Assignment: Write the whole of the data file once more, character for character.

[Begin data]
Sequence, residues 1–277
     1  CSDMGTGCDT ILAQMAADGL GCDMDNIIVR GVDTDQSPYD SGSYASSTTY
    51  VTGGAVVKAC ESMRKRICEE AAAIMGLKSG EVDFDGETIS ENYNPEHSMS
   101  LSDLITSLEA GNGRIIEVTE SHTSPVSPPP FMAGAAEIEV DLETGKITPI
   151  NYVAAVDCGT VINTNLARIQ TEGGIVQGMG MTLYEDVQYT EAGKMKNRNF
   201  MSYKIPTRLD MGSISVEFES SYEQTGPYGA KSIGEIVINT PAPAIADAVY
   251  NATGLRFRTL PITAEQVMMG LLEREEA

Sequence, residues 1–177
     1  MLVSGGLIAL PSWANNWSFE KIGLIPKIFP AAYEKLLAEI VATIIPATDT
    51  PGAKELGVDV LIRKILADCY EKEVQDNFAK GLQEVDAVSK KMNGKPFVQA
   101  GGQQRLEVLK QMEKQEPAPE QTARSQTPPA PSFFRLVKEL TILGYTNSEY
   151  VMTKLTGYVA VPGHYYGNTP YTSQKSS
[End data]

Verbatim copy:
Sequence, residues 1–277
     1  CSDMGTGCDT ILAQMAADGL GCDMDNIIVR GVDTDQSPYD SGSYASSTTY
    51  VTGGAVVKAC ESMRKRICEE AAAIMGLKSG EVDFDGETIS ENYNPEHSMS
   101  LSDLITSLEA GNGRIIEVTE SHTSPVSPPP FMAGAAEIEV DLETGKITPI
   151  NYVAAVDCGT VINTNLARIQ TEGGIVQGMG MTLYEDVQYT EAGKMKNRNF
   201  MSYKIPTRLD MGSISVEFES SYEQTGPYGA KSIGEIVINT PAPAIADAVY
   251  NATGLRFRTL PITAEQVMMG LLEREEA

Sequence, residues 1–177
     1  MLVSGGLIAL PSWANNWSFE KIGLIPKIFP AAYEKLLAEI VATIIPATDT
    51  PGAKELGVDV LIRKILADCY EKEVQDNFAK GLQEVDAVSK KMNGKPFVQA
   101  GGQQRLEVLK QMEKQEPAPE QTARSQTPPA PSFFRLVKEL TILGYTNSEY
   151  VMTKLTGYVA VPGHYYGNTP YTSQKSS